6. Create a written health plan with the school for monitoring and treating your child while they are at school including agreed upon policies and procedures for everything from medication distribution to monitoring your child for signs of illness and access to water in the classroom. In the public school system accommodations and modifications can be obtained under Section 504 of the Rehabilitation Act of 1973.

One issue that might be a difficult one for some of you: Discuss with your doctor whether or not s/he considers Solu Cortef a necessity for school. While this may seem like an obvious necessity to you, remember that you are dealing with legal issues concerning an IM injection and you may find yourself in a struggle with the school system. Most of us carry the Solu-Cortef kit with us everywhere. However, to require the school to do so can get tricky. Consider field trips, for example. Depending on the rigidity of the school system you are in, many areas will require an RN to be available to give an injection. If this means hiring an RN to accompany your child on all field trips, many school systems will balk.

Here’s what the American Disabilities Act states: “Public entities are not required to take actions that would result in undue financial and administrative burdens. They are required to make reasonable modifications to policies, practices, and procedures where necessary to avoid discrimination, unless they can demonstrate that doing so would fundamentally alter the nature of the service, program, or activity being provided.” ( ADA Title II: State and Local Government Activities). In other words, this is an issue that will vary greatly throughout the municipalities. This is also an area where those in private schools might be told that their child is too great a “risk” to have in their school. Again, carefully consider bringing up the Solu-Cortef issue. If you live or work close to the school, or if you have family or friends versed in IM injections and who can arrive at the school quickly in an emergency, maybe this is an area where you would want to maintain 100% control. Talk to your peds endo about the best course of action for your CAH child.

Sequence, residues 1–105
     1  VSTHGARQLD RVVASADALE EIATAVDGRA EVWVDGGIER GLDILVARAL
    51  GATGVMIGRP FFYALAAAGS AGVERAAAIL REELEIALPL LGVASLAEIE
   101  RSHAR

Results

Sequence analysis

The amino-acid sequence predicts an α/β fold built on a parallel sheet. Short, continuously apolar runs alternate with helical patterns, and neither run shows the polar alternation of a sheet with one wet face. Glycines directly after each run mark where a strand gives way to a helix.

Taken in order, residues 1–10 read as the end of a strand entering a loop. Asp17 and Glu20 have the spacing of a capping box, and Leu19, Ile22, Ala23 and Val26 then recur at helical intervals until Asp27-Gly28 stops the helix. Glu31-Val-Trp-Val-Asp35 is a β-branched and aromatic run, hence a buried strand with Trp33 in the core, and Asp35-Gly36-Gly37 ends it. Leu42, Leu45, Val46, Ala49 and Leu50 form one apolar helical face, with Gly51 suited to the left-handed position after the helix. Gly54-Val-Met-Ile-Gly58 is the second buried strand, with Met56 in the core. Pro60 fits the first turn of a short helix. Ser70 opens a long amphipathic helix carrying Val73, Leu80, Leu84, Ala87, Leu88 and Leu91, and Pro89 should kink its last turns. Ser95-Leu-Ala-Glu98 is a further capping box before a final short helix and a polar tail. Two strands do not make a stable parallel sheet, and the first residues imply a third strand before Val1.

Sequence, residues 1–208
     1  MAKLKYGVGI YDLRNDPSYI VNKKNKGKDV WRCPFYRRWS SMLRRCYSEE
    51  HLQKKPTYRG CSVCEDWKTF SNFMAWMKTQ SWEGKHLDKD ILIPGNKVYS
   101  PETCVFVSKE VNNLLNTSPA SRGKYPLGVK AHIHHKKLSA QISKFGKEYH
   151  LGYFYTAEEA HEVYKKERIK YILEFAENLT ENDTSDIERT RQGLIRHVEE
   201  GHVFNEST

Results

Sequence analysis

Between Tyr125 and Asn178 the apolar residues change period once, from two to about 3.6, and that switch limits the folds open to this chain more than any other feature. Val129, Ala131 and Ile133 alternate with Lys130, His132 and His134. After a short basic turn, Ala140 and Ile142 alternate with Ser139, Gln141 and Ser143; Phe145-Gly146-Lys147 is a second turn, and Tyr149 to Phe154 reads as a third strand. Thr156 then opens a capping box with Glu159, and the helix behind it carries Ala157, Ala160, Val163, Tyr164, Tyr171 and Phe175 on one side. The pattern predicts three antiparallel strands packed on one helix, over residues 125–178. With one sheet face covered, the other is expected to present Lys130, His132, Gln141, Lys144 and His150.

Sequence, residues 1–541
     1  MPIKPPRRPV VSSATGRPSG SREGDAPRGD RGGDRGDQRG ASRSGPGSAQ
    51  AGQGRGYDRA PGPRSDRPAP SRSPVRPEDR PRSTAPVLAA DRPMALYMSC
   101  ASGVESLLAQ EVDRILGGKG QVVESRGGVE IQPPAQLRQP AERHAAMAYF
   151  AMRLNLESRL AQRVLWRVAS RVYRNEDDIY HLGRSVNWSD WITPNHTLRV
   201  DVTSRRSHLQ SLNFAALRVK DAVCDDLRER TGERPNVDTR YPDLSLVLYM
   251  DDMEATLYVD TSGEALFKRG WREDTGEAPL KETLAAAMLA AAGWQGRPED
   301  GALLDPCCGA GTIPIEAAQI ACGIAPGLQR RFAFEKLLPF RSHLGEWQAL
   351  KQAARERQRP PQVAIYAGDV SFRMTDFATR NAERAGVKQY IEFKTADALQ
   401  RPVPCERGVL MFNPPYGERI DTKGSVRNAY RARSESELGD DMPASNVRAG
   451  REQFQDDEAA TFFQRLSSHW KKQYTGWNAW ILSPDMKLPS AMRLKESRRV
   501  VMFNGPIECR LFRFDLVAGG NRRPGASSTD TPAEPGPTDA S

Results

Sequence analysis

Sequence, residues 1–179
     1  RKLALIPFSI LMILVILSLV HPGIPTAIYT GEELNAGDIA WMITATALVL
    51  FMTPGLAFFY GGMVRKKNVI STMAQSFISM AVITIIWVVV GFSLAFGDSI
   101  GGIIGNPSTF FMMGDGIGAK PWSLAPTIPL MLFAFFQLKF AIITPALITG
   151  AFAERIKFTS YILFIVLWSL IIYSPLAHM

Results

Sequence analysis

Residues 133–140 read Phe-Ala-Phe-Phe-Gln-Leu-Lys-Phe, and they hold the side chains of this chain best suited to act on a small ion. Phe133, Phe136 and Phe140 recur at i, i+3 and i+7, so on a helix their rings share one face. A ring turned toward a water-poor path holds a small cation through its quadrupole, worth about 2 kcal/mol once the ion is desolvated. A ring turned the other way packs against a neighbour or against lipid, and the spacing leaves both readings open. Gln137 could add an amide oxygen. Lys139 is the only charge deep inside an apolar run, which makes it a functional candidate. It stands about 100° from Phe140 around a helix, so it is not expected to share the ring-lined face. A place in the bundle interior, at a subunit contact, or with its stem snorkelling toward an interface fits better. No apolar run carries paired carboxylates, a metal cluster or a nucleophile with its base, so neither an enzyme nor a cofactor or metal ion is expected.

To assist parents in this process, CARES Foundation has created a Getting Ready for School/Camp packet including:

  • Getting Ready for School/Camp Parent Tips
  • Medical Information – Sample Letter (aka doctor’s note)
  • Medical Supply Kit Checklist
  • What is a 504 Plan and How Can it Help My Child?
  • 504 Accommodation Plan Request – Sample Letter
  • Health Plan Worksheet
  • Congenital Adrenal Hyperplasia Due to 21-Hydroxylase Deficiency: A guide for affected individuals and their families
  • CARES Foundation Emergency Instructions brochure

We all know that our CAH kids are among the brightest kids out there, and they certainly deserve the best we can give them. Sending them off to a new setting can be scary, but with good communication lines, you can ensure there is a plan in place to ensure the health of your child and appropriate response in emergency situations when your child is not in your immediate care.

Special thanks to Karen Bassler for her original article “The Most Wonderful Time of the Year” as it appeared in CARES Foundation’s Fall 2002 Newsletter on which this article is based. She is the mother of two daughters, one of whom has CAH. She is a certified Nurse Health Assistant who works part-time in the health suite of an elementary school in a large metropolitan suburb. Mrs. Bassler was recently appointed to a consumer seat on the Maryland State Advisory Council on Hereditary and Congenital Disorders.

Useful Links

FAQ – When ordering medical alert identification what should I have written on it?